September 13, 2006
In a possible sign of decreased tensions at long last, PRD protesters in Mexico City said they will remove their "tent cities" from downtown so that the September 16 Independence Day military parade may take place unhindered. AMLO has been much less visible in the last few days, possibly recognizing that he really did lose. Or maybe he's just tired. Meanwhile, as a gesture intended to raise mutual confidence, President-elect Felipe Calderon has urged that the ballots from the July 2 elections not be burned, as is the custom. "IFE president Luis Carlos Ugalde responded ... by pointing out the destruction of the ballots is required in election law." A monumental legal battle is pending. See El Universal.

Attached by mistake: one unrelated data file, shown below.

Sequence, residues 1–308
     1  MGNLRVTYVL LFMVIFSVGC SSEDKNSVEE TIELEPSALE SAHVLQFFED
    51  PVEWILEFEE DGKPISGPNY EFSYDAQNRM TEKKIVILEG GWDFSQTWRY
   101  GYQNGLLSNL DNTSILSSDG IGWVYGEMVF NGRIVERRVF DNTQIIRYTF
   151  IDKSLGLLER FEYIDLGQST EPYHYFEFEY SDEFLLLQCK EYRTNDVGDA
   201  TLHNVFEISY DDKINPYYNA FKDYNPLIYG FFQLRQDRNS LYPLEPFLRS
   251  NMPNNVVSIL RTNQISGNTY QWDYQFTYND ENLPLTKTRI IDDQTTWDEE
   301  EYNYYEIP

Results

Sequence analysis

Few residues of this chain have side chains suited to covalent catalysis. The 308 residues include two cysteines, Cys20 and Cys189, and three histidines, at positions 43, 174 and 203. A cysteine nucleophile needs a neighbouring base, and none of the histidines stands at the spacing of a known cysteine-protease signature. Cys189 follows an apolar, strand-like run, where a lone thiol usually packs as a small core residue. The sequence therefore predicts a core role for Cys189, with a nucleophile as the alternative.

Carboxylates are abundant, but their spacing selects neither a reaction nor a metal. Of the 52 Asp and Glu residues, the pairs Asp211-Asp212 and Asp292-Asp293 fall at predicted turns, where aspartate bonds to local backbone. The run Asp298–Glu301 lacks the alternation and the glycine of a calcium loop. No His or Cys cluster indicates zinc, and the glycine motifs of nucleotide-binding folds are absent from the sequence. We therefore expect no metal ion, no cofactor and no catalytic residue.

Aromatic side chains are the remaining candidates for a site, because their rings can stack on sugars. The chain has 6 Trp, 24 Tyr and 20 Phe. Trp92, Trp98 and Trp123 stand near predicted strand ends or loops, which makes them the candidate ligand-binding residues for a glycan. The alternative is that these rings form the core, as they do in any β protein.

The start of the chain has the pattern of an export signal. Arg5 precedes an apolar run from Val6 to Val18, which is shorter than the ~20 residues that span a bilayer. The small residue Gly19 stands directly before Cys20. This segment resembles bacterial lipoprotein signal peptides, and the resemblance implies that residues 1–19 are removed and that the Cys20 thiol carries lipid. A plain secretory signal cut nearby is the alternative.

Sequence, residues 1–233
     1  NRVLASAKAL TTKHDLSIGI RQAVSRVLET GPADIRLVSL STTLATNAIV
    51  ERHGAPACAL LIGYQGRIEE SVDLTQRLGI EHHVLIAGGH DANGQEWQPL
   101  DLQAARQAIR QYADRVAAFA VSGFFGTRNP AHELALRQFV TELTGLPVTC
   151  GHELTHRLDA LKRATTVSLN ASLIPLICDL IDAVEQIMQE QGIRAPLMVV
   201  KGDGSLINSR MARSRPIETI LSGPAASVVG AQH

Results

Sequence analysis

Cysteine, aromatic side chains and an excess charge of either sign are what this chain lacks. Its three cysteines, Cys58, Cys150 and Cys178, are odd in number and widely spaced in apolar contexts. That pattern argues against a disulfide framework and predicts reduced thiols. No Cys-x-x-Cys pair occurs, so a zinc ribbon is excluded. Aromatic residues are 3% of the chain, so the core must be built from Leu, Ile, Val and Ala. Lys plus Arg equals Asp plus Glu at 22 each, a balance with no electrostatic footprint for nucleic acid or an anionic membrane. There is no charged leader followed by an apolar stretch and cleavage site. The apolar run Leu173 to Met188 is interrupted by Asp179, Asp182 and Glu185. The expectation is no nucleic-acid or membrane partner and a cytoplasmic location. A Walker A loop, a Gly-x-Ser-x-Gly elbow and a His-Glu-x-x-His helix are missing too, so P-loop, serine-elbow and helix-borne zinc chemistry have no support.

Based on a Freedom of Information Act request from the Department of Homeland Security, Judicial Watch reports that personnel of the Mexican government made 226 incursions into the United States between 1996 and 2005. It is not clear whether that number includes cases where the border was not marked, as in rough terrain, or in Rio Grande sandbars that may shift from year to year. There is no doubt, however, that on many past occasions Mexican police or soldiers were escorting drug traffickers or people entering the United States illicitly. Presumably, such incidents have fallen since President Bush sent National Guard troops to help patrol the border. Any compromises the Bush administration makes with the incoming government of Felipe Calderon with regard to immigration must be contingent upon an immediate cessation of all such activity. Respect between our countries must be mutual.